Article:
There was a consensus and a witness in the Sprit that this ruling was the Will of God. The apostles wrote an official letter that answered the question, “What portions of the Law of Moses should be kept by Gentile converts?”
Acts 15:23-29 – 23 And they wrote letters by them after this manner; The apostles and elders and brethren send greeting unto the brethren which are of the Gentiles in Antioch and Syria and Cilicia: 24 Forasmuch as we have heard, that certain which went out from us have troubled you with words, subverting your souls, saying, Ye must be circumcised, and keep the law: to whom we gave no such commandment… 27 We have sent therefore Judas and Silas, who shall also tell you the same things by mouth. 28 For it seemed good to the Holy Ghost, and to us, to lay upon you no greater burden than these necessary things; 29 That ye abstain from meats offered to idols, and from blood, and from things strangled, and from fornication: from which if ye keep yourselves, ye shall do well. Fare ye well. (KJV)
What is as striking as the requirements mentioned is the absence of others. They did not mention circumcision. They did not mention keeping the Sabbath. There is no mention of adhering to the dietary laws of the Old Testament (other than abstaining from meat that had been offered to idols, from blood, and from things strangled). There is no mention of observing the feasts or any number of other Jewish customs and oral traditions.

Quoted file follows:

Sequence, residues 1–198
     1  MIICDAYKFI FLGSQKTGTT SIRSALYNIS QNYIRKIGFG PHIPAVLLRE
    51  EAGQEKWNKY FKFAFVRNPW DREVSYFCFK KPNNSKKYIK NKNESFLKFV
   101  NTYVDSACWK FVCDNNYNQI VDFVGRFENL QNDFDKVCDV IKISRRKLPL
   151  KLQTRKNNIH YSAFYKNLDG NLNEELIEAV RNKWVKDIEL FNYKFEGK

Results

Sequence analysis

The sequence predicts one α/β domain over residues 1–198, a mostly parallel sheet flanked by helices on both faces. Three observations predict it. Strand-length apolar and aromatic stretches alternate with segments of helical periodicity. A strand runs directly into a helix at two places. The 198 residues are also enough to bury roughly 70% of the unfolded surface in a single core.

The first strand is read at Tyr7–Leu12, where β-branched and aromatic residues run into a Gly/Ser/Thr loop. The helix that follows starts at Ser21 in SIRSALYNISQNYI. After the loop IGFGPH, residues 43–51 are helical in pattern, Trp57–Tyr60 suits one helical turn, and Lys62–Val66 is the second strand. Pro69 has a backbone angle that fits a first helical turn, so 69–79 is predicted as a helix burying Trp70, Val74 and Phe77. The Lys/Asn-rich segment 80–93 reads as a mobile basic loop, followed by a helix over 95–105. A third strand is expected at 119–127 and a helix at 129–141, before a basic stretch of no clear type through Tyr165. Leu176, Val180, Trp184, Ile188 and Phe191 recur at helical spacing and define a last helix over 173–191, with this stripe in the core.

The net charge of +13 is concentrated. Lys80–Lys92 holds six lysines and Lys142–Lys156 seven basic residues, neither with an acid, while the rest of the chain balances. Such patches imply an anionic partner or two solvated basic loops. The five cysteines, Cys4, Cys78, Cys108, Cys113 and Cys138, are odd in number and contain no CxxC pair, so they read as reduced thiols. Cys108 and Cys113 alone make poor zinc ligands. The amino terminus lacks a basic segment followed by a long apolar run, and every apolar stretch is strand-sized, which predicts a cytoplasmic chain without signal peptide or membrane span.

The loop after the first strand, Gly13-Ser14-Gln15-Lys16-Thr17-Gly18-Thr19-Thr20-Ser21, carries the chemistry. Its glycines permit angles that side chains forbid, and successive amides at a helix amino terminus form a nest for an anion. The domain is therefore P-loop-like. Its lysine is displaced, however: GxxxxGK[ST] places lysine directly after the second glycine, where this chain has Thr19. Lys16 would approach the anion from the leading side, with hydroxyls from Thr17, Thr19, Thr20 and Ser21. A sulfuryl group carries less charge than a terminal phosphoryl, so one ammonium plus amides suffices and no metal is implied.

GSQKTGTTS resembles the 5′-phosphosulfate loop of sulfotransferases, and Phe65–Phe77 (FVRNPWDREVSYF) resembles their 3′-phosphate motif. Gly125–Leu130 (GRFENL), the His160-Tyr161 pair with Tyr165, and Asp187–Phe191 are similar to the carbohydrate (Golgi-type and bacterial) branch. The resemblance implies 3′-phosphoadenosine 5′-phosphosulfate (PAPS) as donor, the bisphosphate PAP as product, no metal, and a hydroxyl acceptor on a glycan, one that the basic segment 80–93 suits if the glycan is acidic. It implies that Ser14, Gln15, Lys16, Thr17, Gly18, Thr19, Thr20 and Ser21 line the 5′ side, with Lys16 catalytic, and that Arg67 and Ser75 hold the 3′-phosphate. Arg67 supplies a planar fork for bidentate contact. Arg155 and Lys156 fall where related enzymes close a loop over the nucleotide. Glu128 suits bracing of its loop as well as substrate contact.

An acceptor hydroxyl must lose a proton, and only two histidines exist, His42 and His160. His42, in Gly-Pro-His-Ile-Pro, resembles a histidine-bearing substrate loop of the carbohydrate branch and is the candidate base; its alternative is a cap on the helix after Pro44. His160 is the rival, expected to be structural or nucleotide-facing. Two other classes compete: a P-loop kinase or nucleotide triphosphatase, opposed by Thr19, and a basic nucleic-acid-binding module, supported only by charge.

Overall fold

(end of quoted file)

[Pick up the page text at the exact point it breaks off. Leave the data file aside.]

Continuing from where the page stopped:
Those demanding the keeping of the Sabbath were trying to put upon Gentile converts demands they themselves could not keep.
Equally as remarkable is the fact that James was the one writing this ruling. He was the pastor of the mostly Jewish Christian church in Jerusalem. It is likely that many of the antagonists of this issue were members of James’ church. As far as his personal life, James chose stay true to his Jewish roots observing all the Old Testament law to the best of his ability. Yet in this ruling, James feels led of the Spirit to impose only the four items mentioned above upon the Gentile converts.